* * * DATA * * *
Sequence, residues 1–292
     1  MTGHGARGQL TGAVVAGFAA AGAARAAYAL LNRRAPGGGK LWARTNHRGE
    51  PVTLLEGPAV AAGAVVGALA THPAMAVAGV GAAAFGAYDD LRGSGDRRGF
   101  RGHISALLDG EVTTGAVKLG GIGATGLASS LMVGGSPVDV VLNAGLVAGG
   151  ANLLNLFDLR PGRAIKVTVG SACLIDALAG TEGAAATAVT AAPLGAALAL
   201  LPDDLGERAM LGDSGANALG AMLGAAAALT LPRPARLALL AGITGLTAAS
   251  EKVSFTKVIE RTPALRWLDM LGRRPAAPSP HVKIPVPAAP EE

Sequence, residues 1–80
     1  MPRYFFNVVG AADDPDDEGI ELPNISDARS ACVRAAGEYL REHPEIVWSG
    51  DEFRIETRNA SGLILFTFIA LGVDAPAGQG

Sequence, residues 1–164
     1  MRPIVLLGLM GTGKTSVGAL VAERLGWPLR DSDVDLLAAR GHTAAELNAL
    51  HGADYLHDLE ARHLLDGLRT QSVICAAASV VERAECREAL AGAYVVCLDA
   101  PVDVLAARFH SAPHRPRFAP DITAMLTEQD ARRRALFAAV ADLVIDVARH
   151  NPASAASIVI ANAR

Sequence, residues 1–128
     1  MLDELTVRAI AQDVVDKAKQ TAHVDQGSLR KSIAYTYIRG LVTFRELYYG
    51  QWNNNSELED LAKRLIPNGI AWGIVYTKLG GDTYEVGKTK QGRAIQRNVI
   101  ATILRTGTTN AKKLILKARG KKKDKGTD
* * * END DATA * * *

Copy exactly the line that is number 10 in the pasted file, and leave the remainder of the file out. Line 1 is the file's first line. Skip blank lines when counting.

    51  DEFRIETRNA SGLILFTFIA LGVDAPAGQG